Concur, but I also think Intel definitely wants Core 2 in the hands of enthusiasts as well as OEMs. Many enthusiasts are computer “source references” for family, friends, co-workers, and, people who search blogs/forums for advice. For Intel, every enthusiast with a Core 2 system is a walking, talking advertisement. Example..”You’re going to replace your old system and want some advice? Sure, you can get a Dell, but make sure you get a Core 2 processor….”

Quote:
This is not to bash Intel, nor underestimate their intelligence or indeed manufacturing capacity, simply to debate the issue. I think in some places demand for these chips is outweighing supply. But I am not sure that was unforeseeable in the enthusiast market. One thing is for sure is that if people are prepared to wait they will get the chip they want. And if they waited and didn’t go for 939 etc then waiting a little longer seems to be causing a disproportionate amount of anger for those vocal enough to post about it.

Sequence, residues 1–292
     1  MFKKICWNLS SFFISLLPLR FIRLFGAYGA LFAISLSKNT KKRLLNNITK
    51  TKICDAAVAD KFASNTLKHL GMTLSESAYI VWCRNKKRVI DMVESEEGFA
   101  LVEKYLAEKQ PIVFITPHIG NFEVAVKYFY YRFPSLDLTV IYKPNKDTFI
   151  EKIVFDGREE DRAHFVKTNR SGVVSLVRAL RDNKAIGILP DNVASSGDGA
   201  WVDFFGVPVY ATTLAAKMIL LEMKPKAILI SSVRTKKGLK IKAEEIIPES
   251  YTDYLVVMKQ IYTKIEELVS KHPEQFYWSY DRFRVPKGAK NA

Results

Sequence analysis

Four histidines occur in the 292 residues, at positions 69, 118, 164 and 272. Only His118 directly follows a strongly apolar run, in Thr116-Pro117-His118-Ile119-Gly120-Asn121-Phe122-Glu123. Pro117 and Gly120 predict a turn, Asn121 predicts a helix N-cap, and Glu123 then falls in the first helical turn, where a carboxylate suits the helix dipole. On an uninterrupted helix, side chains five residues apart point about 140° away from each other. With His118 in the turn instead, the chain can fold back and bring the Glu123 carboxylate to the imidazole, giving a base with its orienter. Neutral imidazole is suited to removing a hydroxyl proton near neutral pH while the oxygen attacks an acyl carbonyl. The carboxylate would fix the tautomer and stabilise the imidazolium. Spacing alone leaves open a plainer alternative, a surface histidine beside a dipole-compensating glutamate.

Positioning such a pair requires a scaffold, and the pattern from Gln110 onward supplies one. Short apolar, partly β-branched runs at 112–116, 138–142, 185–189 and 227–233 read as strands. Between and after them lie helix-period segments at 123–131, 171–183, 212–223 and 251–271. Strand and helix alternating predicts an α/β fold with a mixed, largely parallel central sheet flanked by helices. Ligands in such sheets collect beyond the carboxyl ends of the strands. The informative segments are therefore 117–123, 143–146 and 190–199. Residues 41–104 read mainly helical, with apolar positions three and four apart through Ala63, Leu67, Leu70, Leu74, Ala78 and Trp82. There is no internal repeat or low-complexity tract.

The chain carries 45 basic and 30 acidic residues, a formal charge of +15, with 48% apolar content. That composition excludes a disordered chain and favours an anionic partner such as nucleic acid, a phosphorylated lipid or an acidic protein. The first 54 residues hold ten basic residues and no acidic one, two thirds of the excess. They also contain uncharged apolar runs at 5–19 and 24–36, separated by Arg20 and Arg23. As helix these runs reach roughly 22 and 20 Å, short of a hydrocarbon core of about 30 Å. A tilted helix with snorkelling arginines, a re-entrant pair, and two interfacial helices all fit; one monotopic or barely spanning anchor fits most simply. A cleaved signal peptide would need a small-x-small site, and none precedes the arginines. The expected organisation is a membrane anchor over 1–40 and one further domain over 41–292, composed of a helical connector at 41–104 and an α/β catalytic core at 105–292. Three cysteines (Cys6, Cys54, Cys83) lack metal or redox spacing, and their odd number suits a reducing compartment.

I think Intel anticipated demand in the enthusiast market, but I don’t know if they got it right, underestimated it, or artificially enlarged it. I know, for the past several months, I have told anyone who has asked me to wait for Conroe. Not specifically the chip itself, but the chip and the prices drops it would bring to both the Intel and AMD product line.

How many others here have done the same thing? Take the enthusiates,/savies, then multiply by how many people each advised. How many people could that amount to?


Peace
August 17, 2006 3:34:13 AM

Turpit, I didn't want to start a flame war with you, so sorry if I looked like a jerk. Anyway, I was just responding to your supposition.

Quote: